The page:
Clearly, "6in4" and "6over4" are quite different things, actually
   6over4 is a transition mechanism which uses 6in4 as the procedure for
   encapsulating IPv6 packets in IPv4 multicast infrastructures.

   The fact that they are different things and specially the requirement
   for a (IPv4) multicast infrastructure for 6over4, makes necessary to
   clarify the difference and avoid confusions among both.

   Engineers operating networks and their customers (for example when
   setting up tunnels), often do not read all the IETF documents, so
   they could easily misunderstand if a tunnel is "6over4" or "6in4"
   (specially when vendor documents use both terms to actually name
   "6in4", possibly because the misusage of those terms in [2], [3]),
   and this creates some extra troubleshooting time and confusion.




Palet                     Expires May 20, 2006                  [Page 4]


Internet-Draft       6in4 versus 6over4 terminology        November 2005


3.  Conclusions

   In order to avoid this kind of confusion, it should be understood the
   difference between 6over4 and 6in4 (and any other equivalent
   terminologies).  Future documents should take this in consideration.

   It is recommended as well that new documents which describe other
   encapsulations and protocols, such as IPv4 in IPv6, IPv6 in UDP/IPv4,
   IPv6 in IPv6, etc., for consistency reasons, use "in" instead of
   "over".

   It is also recommended that existing documents are amended ASAP to
   avoid the existing confusion.


4.  Security Considerations

   This document does not have any protocol-related security
   considerations.


5.  IANA Considerations

   This document does not have any specific IANA considerations.


6.  Acknowledgements

   The author would like to acknowledge the inputs of Brian Carpenter.


7.  References

7.1.  Normative References

   [1]  Simpson, W., "IP in IP Tunneling", RFC 1853, October 1995.

   [2]  Gilligan, R. and E. Nordmark, "Transition Mechanisms for IPv6
        Hosts and Routers", RFC 1933, April 1996.

   [3]  Gilligan, R. and E. Nordmark, "Transition Mechanisms for IPv6
        Hosts and Routers", RFC 2893, August 2000.

   [4]  Conta, A. and S. Deering, "Generic Packet Tunneling in IPv6
        Specification", RFC 2473, December 1998.

   [5]  Carpenter, B. and C. Jung, "Transmission of IPv6 over IPv4
        Domains without Explicit Tunnels", RFC 2529, March 1999.



Palet                     Expires May 20, 2006                  [Page 5]


Internet-Draft       6in4 versus 6over4 terminology        November 2005


7.2.  Informative References


















































Palet                     Expires May 20, 2006                  [Page 6]


Internet-Draft       6in4 versus 6over4 terminology        November 2005


Author's Address

   Jordi Palet Martinez
   Consulintel
   San Jose Artesano, 1
   Alcobendas - Madrid
   E-28108 - Spain

   Phone: +34 91 151 81 99
   Fax:   +34 91 151 81 98
   Email: jordi.palet@consulintel.es








































Palet                     Expires May 20, 2006                  [Page 7]


Internet-Draft       6in4 versus 6over4 terminology        November 2005


Intellectual Property Statement

   The IETF takes no position regarding the validity or scope of any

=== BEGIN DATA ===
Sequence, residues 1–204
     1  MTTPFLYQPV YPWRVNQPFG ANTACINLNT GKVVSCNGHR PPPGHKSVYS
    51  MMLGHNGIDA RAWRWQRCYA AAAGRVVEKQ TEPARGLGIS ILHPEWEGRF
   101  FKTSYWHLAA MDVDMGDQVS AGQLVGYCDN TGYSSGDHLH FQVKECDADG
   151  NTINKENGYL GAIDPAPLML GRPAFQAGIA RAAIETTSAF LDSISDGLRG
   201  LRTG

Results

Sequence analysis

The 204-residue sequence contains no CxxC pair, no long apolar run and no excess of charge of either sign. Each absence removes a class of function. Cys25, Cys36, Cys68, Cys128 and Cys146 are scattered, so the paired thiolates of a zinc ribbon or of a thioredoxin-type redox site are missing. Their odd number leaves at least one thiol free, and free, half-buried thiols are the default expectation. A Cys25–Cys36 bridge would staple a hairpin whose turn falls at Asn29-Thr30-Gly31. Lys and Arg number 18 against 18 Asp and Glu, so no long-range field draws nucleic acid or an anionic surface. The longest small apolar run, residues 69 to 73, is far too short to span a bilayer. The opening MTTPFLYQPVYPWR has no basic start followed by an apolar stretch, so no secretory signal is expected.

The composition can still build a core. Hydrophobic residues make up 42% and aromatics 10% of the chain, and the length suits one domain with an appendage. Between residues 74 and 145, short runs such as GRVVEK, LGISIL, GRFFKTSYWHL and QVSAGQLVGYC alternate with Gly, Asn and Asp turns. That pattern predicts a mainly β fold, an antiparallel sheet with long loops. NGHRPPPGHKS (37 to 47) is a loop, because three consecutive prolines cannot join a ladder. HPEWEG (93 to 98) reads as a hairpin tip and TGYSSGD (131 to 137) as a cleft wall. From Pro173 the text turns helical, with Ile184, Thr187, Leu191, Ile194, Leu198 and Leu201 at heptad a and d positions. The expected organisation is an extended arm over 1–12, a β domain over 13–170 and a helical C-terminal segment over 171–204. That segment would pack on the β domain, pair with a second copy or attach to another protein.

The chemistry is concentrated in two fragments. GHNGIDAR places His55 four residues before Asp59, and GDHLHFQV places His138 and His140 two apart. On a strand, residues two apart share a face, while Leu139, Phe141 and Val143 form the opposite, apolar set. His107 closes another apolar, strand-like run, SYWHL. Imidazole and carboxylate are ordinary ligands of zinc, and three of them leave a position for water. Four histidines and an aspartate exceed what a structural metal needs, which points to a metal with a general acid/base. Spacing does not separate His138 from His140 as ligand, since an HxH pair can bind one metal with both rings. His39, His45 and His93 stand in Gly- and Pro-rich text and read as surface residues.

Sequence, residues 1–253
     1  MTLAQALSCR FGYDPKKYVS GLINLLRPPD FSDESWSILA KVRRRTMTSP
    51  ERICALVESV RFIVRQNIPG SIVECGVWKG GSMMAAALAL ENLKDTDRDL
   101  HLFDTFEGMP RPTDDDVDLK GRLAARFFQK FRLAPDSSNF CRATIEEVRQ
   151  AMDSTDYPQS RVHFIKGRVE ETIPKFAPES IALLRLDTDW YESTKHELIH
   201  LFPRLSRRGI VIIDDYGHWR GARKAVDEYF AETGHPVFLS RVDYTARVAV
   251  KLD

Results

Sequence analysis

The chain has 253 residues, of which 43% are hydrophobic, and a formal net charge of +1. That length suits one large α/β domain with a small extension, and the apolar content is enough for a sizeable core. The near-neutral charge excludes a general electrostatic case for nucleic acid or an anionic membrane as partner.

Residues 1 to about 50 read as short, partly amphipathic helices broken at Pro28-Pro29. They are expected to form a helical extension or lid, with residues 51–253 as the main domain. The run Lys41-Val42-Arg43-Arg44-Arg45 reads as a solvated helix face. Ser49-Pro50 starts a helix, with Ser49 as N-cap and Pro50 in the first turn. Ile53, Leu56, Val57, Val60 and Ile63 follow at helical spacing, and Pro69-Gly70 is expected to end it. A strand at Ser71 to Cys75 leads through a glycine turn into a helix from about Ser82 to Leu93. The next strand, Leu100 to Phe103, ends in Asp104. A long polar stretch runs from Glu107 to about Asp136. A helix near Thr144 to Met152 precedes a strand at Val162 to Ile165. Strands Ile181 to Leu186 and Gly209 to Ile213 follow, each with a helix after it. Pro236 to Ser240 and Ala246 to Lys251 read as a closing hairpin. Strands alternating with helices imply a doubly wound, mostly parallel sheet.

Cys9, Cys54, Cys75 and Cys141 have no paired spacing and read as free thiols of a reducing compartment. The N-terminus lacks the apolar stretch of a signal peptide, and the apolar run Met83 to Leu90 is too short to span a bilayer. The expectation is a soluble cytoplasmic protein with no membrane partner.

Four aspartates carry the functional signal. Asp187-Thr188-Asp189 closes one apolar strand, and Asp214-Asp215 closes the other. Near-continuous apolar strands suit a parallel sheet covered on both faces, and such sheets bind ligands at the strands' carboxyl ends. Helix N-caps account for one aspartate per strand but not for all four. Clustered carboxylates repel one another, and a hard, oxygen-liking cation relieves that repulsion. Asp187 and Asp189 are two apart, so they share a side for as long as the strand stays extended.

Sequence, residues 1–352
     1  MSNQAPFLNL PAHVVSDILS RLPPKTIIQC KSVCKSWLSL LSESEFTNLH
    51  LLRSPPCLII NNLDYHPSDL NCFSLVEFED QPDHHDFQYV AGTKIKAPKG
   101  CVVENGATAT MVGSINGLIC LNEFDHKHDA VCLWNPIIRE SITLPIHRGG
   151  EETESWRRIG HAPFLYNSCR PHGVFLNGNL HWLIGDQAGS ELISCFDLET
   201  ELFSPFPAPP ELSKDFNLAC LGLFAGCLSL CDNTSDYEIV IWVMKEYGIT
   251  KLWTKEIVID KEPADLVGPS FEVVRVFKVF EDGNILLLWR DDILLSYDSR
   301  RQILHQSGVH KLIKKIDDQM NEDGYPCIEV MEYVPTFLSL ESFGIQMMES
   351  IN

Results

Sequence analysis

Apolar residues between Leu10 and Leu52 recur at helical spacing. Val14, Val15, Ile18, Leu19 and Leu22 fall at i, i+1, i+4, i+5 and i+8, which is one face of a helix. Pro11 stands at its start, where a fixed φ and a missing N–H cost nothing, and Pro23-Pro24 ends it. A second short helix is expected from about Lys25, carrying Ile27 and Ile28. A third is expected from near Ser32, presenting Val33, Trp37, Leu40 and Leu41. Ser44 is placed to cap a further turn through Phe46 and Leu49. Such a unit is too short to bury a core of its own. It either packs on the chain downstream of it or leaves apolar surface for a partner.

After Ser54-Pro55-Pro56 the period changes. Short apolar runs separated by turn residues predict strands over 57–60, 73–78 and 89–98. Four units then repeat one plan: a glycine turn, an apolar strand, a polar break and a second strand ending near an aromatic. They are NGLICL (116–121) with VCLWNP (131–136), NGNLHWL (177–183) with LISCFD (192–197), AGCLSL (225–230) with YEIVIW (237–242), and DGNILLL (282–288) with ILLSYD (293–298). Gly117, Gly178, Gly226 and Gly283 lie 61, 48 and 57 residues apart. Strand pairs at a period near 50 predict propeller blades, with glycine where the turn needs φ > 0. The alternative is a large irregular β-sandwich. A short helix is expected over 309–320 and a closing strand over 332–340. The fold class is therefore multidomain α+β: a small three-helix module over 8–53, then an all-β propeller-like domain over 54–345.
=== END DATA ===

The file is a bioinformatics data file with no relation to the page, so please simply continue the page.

Intellectual Property Rights or other rights that might be claimed to
   pertain to the implementation or use of the technology described in
   this document or the extent to which any license under such rights
   might or might not be available; nor does it represent that it has
   made any independent effort to identify any such rights.  Information
   on the procedures with respect to rights in RFC documents can be
   found in BCP 78 and BCP 79.

   Copies of IPR disclosures made to the IETF Secretariat and any
   assurances of licenses to be made available, or the result of an
   attempt made to obtain a general license or permission for the use of
   such proprietary rights by implementers or users of this
   specification can be obtained from the IETF on-line IPR repository at
   http://www.ietf.org/ipr.

   The IETF invites any interested party to bring to its attention any
   copyrights, patents or patent applications, or other proprietary
   rights that may cover technology that may be required to implement
   this standard.  Please address the information to the IETF at
   ietf-ipr@ietf.org.


Disclaimer of Validity

   This document and the information contained herein are provided on an
   "AS IS" basis and THE CONTRIBUTOR, THE ORGANIZATION HE/SHE REPRESENTS
   OR IS SPONSORED BY (IF ANY), THE INTERNET SOCIETY AND THE INTERNET
   ENGINEERING TASK FORCE DISCLAIM ALL WARRANTIES, EXPRESS OR IMPLIED,
   INCLUDING BUT NOT LIMITED TO ANY WARRANTY THAT THE USE OF THE
   INFORMATION HEREIN WILL NOT INFRINGE ANY RIGHTS OR ANY IMPLIED
   WARRANTIES OF MERCHANTABILITY OR FITNESS FOR A PARTICULAR PURPOSE.


Copyright Statement

   Copyright (C) The Internet Society (2005).  This document is subject
   to the rights, licenses and restrictions contained in BCP 78, and
   except as set forth therein, the authors retain all their rights.


Acknowledgment

   Funding for the RFC Editor function is currently provided by the
   Internet Society.




Palet                     Expires May 20, 2006                  [Page 8]


Html markup produced by rfcmarkup 1.121, available from https://tools.ietf.org/tools/rfcmarkup/